Sometimes parents need or want to move. Michigan requires a parent who wants to move his or her children to prove it is in the family's best interest. This statute specifically states that the children are the primary focus in determining their best interests. The statute applies to a move greater than 100 miles, regardless of whether the move is within the state. If there is domestic violence, the statute allows a move to a safe location pending the court's determination.
There are five factors the court must consider when ruling on moving minor child(ren) beyond the 100-mile limit:
(a) Whether the legal residence change has the capacity to improve the quality of life for both the child and the relocating parent. Typically, it is a job opportunity with increased income that motivates the move. Depending on the financial situation of the family, this may increase the child's quality of life. The prospective new income should be considered as it will relate to the child (if all of the child's needs are already met, will the new income increase the quality of life?) and should be weighed against the increasing cost of travel for parenting time and the relative cost of living in Michigan as opposed to the proposed location. In addition, the court may look at the pay rate for similar jobs in this area. The court may consider whether the schools or the extracurricular activities are comparable, any specialized medical care, and social ties. The uncertainty of new circumstances must be weighed against the desirability of maintaining the child's current situation.
The presence of extended family in the proposed area must be weighed against the presence of a parent in Michigan. The history of involvement, as opposed to the Michigan parent's willingness and ability to provide the same sort of assistance as that proposed by the out-of-state family should be weighed.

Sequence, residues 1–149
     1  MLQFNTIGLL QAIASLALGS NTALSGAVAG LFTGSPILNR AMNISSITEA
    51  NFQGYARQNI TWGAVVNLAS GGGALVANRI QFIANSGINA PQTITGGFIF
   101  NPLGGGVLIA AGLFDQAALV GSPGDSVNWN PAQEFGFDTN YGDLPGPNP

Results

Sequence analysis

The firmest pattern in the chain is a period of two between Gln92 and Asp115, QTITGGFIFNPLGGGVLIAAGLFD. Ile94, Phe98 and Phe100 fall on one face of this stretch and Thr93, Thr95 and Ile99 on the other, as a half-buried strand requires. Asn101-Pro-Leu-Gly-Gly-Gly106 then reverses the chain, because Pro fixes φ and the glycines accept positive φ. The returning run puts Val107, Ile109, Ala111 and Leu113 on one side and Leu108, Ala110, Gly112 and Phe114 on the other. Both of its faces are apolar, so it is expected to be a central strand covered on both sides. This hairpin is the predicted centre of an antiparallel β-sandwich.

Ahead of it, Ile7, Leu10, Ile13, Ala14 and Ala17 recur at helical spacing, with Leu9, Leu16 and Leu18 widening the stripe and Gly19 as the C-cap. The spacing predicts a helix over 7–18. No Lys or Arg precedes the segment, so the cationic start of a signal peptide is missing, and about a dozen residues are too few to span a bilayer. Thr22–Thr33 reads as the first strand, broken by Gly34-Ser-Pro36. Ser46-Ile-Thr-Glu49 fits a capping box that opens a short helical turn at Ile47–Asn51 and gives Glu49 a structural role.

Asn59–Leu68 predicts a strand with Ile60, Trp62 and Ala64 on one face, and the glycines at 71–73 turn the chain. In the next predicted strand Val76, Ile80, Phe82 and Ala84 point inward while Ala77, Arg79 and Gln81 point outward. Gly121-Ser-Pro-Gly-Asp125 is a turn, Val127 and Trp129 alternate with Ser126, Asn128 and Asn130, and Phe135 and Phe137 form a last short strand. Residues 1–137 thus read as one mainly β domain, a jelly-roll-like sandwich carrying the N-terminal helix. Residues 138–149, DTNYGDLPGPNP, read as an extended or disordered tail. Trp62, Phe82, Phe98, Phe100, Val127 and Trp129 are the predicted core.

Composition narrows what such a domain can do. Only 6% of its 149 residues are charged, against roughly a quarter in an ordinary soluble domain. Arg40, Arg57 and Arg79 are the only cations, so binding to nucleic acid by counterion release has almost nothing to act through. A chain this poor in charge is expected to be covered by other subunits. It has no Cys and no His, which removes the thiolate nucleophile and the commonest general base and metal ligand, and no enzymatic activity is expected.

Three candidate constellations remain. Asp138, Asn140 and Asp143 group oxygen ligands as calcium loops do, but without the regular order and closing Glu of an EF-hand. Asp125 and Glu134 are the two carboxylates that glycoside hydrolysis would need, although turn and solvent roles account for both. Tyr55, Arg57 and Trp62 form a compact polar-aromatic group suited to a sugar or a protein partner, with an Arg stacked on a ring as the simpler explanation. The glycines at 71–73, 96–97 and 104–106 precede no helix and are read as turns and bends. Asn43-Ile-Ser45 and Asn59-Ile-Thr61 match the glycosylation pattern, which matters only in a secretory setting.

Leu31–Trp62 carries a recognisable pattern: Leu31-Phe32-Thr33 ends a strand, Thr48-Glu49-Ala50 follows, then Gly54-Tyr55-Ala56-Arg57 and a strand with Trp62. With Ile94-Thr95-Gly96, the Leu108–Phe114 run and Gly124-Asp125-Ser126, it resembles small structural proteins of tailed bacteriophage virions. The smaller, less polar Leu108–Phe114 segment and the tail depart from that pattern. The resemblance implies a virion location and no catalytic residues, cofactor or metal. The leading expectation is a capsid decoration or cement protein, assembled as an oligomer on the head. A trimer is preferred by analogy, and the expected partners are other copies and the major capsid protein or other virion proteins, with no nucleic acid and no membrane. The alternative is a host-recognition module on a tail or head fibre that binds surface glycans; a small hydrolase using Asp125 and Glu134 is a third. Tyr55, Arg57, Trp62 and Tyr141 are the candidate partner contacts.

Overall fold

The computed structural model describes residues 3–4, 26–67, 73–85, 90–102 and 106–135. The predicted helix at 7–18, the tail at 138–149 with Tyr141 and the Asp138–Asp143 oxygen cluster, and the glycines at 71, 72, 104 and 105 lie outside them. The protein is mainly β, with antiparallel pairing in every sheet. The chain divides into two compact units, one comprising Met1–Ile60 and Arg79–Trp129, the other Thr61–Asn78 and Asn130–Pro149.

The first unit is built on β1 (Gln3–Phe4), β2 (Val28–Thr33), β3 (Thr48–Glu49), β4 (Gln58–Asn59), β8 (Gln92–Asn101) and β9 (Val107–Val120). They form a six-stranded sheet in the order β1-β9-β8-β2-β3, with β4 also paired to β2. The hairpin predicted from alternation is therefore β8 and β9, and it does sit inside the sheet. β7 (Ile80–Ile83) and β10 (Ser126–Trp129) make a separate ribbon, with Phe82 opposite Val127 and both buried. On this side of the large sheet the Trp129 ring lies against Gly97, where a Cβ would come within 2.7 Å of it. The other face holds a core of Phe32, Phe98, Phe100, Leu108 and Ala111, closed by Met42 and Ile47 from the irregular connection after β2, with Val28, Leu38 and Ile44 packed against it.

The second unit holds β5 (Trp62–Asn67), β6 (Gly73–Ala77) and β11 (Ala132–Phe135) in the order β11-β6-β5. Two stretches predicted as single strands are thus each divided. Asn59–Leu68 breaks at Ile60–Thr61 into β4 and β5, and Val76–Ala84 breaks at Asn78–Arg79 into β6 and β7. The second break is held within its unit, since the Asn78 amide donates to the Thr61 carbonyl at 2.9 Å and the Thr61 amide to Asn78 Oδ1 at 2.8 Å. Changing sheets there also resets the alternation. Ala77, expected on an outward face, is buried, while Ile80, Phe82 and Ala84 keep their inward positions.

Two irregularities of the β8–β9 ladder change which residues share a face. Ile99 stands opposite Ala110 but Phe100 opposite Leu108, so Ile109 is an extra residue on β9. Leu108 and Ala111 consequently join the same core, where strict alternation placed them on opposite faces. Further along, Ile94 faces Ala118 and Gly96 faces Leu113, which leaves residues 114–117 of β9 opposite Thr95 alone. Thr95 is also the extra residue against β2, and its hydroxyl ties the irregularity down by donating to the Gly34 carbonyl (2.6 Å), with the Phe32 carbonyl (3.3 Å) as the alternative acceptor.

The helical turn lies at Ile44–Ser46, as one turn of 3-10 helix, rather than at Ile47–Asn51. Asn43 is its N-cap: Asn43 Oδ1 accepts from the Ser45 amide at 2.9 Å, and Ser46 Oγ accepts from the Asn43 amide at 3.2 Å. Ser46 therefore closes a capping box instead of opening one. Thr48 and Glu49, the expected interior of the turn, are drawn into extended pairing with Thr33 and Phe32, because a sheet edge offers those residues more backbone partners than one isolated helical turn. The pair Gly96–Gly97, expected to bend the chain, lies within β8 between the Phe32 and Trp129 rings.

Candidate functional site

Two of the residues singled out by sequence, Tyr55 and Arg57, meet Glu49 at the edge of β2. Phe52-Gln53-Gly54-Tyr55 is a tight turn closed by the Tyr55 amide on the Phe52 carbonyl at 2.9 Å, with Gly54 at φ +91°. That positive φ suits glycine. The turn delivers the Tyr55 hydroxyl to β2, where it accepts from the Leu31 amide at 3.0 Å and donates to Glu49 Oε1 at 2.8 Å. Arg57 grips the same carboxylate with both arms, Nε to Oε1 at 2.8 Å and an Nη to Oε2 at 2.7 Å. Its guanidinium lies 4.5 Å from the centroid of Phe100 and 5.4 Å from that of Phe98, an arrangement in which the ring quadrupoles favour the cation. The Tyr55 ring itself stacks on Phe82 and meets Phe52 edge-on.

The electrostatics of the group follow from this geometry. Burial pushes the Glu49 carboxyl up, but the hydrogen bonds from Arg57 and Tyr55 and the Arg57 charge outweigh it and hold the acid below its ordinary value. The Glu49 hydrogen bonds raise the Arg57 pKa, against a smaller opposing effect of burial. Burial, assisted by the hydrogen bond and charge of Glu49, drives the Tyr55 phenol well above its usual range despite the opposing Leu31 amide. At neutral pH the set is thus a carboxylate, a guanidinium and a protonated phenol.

(b) The degree to which each parent has complied with, and utilized his or her time under, a court order governing parenting time with the child, and whether the parent's plan to change the child's legal residence is inspired by that parent's desire to defeat or frustrate the parenting time schedule. The court must consider whether the petitioning parent's motive is inspired by a desire to frustrate the other parent's parenting time.
(c) The degree to which the court is satisfied that, if the court permits the legal residence change, it is possible to order a modification of the parenting time schedule and other arrangements governing the child's schedule in a manner that can provide an adequate basis for preserving and fostering the parental relationship between the child and each parent; and whether each parent is likely to comply with the modification.
This is a very fact-intensive analysis. A child who sees each parent each week will have a difficult time replicating that relationship long-distance. A child who sees one parent monthly, however, may be able to replicate that relationship long-distance. The court has held that "the new visitation plan need not be equal to the prior visitation plan in all respects. It only need provide a realistic opportunity to preserve and foster the parental relationship previously enjoyed by the [non-relocating] parent."
The first step is to assess the quality of the relationship before the move between the child and the nonmoving parent. This analysis should include the frequency of contact, reliability, attachment, quality, and quantity of care provided, and whether the parent participates in all aspects of child rearing. The degree to which each parent has complied with and utilized his or her time under a court order governing parenting time with the child is one factor the court must consider in a move-away petition.
The second step is to look at the developmental age of the child. A child's ability to cope with the move and to maintain a relationship with the nonmoving parent will often vary dramatically based on the age and stage of development of the child.
There is significant research on the developmental needs of very young children and the process of attachment to significant figures in his or her lives. Children form significant attachments in the first five years, and they do this through frequent contact with competent caregivers. Very young children do not have the ability to remember adults whom they do not see on a regular basis. Adolescents can manage longer separations from either parent and may travel long distances more easily; they may be unhappy about leaving home, however, and may have strong opinions about the move. An adolescent's opinion about the move could carry significant weight.
(d) The extent to which the parent opposing the legal residence change is motivated by a desire to secure a financial advantage with respect to a support obligation.
The Michigan Supreme Court has stated that "it is imperative that a court consider the feasibility of this plan from a practical and financial viewpoint," and that "the court should ... consider the age of the child ... for judging the feasibility of travel and analyze what financial constraints would be placed on the parents."
(e) Domestic violence, regardless of whether the violence was directed against or witnessed by the child.